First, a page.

I hesitated for a long time before putting up this issues page, because I am fundamentally ambivalent about JROTC. I grew up in Berkeley, proudly anti-war, anti-military and pro-radical thinking.
When I began this campaign to be elected to the school board, I truly thought the debate over ending the JROTC program was a minor issue facing the schools, and had been largely decided by the school board’s vote to phase out the program in 2006. I knew there had been promises of a replacement program, and assumed plans were proceeding. I had heard rumblings that there was an opposition campaign getting organized, but in all honesty, JROTC was not high on the list of issues that prompted me to run for the Board of Education.
Like many people in San Francisco, I oppose the Don’t Ask, Don’t Tell policy on gays in the military, I oppose military recruiting in high schools and I oppose the war in Iraq – and in some people’s minds, JROTC is associated with all of these things. I have to say that for a long time I assumed that the San Francisco JROTC program was a military recruiting operation, that it discriminated against LGBT people, and that it was kind of a creepy throwback to a previous, more pro-military era. When the school board voted to end it, I was disturbed by the spectacle of so many kids pleading to save their program, but I truly believed we would not end JROTC before another, comparable program was in place.
Between 2006 and 2009, there was almost no movement on a replacement program. JROTC opponents point out that the committee charged with finding such a program was stacked with JROTC proponents, and say that these proponents successfully obstructed the committee’s work. Even if this is true — and it may well be — the school board promised that it would not leave the students who chose JROTC without a program. And yet, two years later, no program existed. The school district piloted an ethnic studies course, which might be valuable but is no replacement for the combination of physical activity, structure and public service that JROTC combines.
The alternative I like best is a proposal for a kind of NERT-training that combines physical conditioning with public service and trains kids for the structure they might encounter at the police and fire academies. I say we should absolutely start putting such an alternative together. Federal and state grant money exists to fund it, and it serves a public need. But time and careful planning will be needed to do this right; at the moment district staff have informed us that they think the best course is to create a SERV (Student Emergency Response Volunteers) unit as an afterschool program. And in the meantime, I take seriously the promise that the school board originally made to the students who came by the hundreds to plead for the program they feel makes their school experience meaningful and worthwhile.
I have also spent time talking with the instructors and cadets in the program. I’ve heard cadets describe their intent to go to college and talk about the physical conditioning and leadership skills they had learned in the JROTC program. I’ve been assured by the instructors that participation in the program does not lead to recruiting by the military; and that gay, lesbian or transgender students or instructors are never turned away. I’ve learned that this is a program that offers kids in San Francisco a much-needed sense of structure and belonging.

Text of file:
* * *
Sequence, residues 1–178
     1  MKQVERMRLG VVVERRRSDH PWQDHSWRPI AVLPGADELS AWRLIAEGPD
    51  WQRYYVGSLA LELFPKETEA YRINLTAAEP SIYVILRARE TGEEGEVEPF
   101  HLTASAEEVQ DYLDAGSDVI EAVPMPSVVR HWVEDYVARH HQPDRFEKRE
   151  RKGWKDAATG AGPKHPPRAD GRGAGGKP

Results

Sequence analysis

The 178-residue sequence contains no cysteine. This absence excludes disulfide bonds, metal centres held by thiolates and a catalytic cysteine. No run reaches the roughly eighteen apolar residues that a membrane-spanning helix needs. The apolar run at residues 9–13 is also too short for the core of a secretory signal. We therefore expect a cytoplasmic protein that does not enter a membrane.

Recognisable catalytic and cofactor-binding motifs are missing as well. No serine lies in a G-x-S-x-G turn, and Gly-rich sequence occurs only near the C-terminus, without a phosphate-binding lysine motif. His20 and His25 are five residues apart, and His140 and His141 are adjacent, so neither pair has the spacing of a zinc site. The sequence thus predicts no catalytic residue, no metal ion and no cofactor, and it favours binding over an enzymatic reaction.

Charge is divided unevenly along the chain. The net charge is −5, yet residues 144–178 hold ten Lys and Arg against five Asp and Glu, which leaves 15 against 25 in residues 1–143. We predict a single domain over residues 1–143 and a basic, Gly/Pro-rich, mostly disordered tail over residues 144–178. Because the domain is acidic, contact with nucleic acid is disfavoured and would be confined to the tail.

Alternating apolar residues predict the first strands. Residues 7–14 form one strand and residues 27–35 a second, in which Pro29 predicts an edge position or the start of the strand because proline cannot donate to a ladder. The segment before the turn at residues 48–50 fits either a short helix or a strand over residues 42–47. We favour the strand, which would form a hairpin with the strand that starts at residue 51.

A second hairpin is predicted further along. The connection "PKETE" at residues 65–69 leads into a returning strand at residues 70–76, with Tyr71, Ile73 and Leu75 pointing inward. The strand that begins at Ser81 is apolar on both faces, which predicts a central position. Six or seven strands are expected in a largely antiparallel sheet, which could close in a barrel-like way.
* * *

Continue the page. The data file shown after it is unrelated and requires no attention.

The question I think we should be asking is, what are we doing in this district to increase graduation rates, keep at-risk kids in school, and encourage kids to go to college? The JROTC program is demonstrably accomplishing all of these things at the seven school sites where it exists. Consider the experience at Balboa High School, which has an overall graduation rate of about 75 percent. In 2008, about half of Balboa’s 230 graduates had taken at least one semester of JROTC in their time at the school. Of those, there were zero enlistments. Three graduates indicated plans to enroll in vocational training and the rest enrolled in colleges and universities across the state of California.
But it’s almost impossible to talk about JROTC in a nuanced way, or suggest anything approaching a compromise. Opponents shout down anything other than a complete end to the program — even if safeguards are put in place to make sure the class is purely voluntary. And proponents refuse to acknowledge the fact that an alternative is possible and that some of the military trappings of the program make some people uneasy. In the end, I have come down in favor of reinstating the program, because I think the good it does far outweighs the bad associations people have with a military-sponsored program. I also have pledged to work to create a true alternative, so that families who want the benefits of JROTC without the military connection have that to choose from.
In May 2009, the Board of Education voted to reinstate the JROTC program for the 2009-10 school year and beyond. A month later, the Board voted to amend the district’s independent study policy to include students taking a JROTC course, allowing them to satisfy physical education requirements through independent study. SFUSD has posted a fact sheet for those interested in learning more about the 2006-09 fight over JROTC.